It’s become a tradition for me to call out an additional 15 strong films from every year, and since there was plenty more good stuff that didn’t make it into my Top Ten for 2020, I’m carrying on with it.
Nearly all of the following films have some political or sociological importance. I didn’t do that on purpose — it’s just what resonated with me this year. The reality we lived in during 2020 was so extreme, it often felt like a dystopic movie. The figureheads charged with ensuring our safety were so untruthful, so I sought truth in fiction. Things have gone seriously haywire when the movies tell us more about what’s going on in the world than our government will, but this was not entirely new in 2020. It was just worse than before.
As I noted in my Top Ten write-up, it was a sad year for movies, too, with productions halted, release dates abandoned, theaters shuttered, and a couple major studios betraying the medium that built them in the first place. The good films that did rise out of the ashes of 2020 were a lifeline. Cinema is just about the only thing that got me through a tough year. I can’t claim it was escapism, but these are the films that brought me joy — even if, in the case of many, it was through the sorrow, rage, or fear felt by their characters — and helped me feel connected to something beautiful, something human, when I otherwise couldn’t in real life.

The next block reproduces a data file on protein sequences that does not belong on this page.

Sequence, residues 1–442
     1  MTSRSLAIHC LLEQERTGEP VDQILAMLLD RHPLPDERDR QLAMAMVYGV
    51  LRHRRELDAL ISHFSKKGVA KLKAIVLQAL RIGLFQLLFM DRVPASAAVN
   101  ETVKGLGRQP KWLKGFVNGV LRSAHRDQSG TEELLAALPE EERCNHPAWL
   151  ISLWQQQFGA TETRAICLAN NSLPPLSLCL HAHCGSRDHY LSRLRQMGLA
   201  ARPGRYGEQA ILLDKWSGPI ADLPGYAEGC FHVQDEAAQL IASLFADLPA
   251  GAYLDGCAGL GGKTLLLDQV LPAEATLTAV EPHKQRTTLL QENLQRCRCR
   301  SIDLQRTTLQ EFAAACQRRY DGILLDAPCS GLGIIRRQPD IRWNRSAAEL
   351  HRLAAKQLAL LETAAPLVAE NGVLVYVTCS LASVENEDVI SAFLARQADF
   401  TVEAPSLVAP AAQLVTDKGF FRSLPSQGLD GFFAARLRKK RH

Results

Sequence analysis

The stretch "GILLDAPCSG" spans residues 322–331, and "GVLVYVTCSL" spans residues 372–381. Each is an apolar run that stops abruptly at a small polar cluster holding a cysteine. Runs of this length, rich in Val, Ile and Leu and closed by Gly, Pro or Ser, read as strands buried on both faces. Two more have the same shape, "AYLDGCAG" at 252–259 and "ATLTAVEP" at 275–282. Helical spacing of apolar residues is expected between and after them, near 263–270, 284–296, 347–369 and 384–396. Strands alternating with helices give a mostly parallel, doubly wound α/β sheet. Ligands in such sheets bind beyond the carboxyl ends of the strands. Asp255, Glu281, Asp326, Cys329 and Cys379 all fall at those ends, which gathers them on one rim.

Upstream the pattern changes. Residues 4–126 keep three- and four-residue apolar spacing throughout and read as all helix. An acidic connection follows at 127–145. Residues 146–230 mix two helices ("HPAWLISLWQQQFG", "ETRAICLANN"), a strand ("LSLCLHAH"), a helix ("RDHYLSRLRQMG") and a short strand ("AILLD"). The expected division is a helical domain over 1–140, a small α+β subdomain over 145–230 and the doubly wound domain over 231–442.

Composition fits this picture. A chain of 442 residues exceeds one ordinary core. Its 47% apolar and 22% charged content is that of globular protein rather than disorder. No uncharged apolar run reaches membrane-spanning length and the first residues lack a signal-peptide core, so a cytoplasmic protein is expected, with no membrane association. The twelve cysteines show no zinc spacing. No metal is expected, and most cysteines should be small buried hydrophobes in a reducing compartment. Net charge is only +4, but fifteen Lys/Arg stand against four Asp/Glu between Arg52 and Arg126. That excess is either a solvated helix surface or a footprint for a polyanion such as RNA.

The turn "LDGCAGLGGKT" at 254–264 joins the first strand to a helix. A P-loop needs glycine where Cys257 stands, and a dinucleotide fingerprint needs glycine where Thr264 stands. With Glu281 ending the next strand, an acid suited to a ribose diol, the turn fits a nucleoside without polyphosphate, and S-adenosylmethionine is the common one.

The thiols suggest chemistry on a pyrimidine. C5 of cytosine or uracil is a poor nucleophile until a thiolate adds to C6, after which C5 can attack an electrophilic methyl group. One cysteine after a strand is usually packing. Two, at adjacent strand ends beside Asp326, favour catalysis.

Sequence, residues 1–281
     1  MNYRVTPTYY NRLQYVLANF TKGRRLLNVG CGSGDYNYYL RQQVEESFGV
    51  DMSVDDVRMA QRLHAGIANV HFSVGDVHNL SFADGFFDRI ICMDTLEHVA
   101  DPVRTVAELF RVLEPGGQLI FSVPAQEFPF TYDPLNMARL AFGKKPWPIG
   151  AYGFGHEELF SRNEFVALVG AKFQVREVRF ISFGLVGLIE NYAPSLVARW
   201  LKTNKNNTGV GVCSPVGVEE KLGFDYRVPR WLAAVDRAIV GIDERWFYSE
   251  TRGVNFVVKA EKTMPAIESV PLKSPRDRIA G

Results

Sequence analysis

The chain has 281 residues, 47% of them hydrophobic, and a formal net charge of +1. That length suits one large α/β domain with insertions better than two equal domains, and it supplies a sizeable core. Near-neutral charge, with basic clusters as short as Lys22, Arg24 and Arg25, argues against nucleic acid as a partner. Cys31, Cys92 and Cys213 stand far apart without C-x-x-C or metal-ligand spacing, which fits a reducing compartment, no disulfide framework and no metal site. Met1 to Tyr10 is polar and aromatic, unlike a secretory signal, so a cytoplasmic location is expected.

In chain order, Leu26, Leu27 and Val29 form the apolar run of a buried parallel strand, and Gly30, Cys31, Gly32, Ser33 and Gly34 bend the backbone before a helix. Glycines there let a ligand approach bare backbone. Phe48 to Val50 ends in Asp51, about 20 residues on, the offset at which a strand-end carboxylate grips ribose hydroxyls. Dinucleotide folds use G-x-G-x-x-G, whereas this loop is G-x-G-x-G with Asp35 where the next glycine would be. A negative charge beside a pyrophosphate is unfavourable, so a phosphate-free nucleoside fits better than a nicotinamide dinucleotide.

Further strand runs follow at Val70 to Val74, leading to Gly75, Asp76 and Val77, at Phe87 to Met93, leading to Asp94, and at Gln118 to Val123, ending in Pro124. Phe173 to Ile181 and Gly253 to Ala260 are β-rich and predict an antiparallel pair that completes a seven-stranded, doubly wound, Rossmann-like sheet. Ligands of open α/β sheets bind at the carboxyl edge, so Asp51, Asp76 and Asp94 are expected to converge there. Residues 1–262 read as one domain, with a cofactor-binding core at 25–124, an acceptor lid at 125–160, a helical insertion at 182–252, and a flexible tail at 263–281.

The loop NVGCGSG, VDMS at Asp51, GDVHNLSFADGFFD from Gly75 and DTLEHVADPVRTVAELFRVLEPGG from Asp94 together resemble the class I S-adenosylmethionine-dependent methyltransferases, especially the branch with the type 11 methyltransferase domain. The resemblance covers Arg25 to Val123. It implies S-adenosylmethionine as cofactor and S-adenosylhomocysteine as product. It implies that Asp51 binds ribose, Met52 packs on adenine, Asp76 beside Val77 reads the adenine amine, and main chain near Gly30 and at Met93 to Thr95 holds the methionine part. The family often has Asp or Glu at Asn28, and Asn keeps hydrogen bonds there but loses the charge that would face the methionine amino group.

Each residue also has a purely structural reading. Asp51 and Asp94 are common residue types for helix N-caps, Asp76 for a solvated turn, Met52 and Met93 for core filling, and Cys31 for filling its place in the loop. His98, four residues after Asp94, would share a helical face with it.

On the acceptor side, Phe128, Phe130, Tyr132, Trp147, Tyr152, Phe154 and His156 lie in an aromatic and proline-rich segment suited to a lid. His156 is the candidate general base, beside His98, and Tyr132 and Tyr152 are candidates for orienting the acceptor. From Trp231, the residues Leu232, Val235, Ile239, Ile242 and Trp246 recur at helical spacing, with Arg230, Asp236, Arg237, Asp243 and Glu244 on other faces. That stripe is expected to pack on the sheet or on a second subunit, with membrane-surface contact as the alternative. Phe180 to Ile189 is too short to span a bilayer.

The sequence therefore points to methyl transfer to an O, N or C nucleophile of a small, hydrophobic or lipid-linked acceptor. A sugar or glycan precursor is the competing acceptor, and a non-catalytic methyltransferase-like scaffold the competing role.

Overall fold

The Academy is always a little bit wrong, which is why I write this post every year. Inevitably, there are writers, directors, actors, composers, and others who don’t get their just desserts from the Academy when nominees are announced — and those whose work is too niche, or too gene, to ever have a chance at Oscar gold in the first place.
But this year, the Oscars are really wrong.
Films like Bohemian Rhapsody, Vice, and Green Book have fared much better this awards season than they really should, and they’re likely to take home and Oscar or two. (God forbid — maybe even Best Picture.) But the Academy has made some inexplicably bad decisions behind the scenes, too — the stillborn Best Popular Film category, the announcement of Kevin Hart as this year’s host, the decision to cut all but two Original Song nominees, the decision to not air four of the categories live. All of these have been undone thanks to widespread backlash from the fans who actually watch and care about the Oscars, who are justifiably angry about ABC and the Academy changing the telecast to cater to those who do not. You would think they’d have gotten the message the first time: Don’t Fuck With Our Oscars. But they’ve had to learn again, and again, and again.
On the plus side, more categories than not are wide open, with multiple plausible winners. Some categories have frontrunners, and others — including the big prize, Best Picture — are anybody’s guess. It’s the most suspenseful, unpredictable Oscar race in recent memory. Anything could happen! (Except for my favorites winning Oscars — because most weren’t even nominated.) Continue reading “Not-Oscars 2018”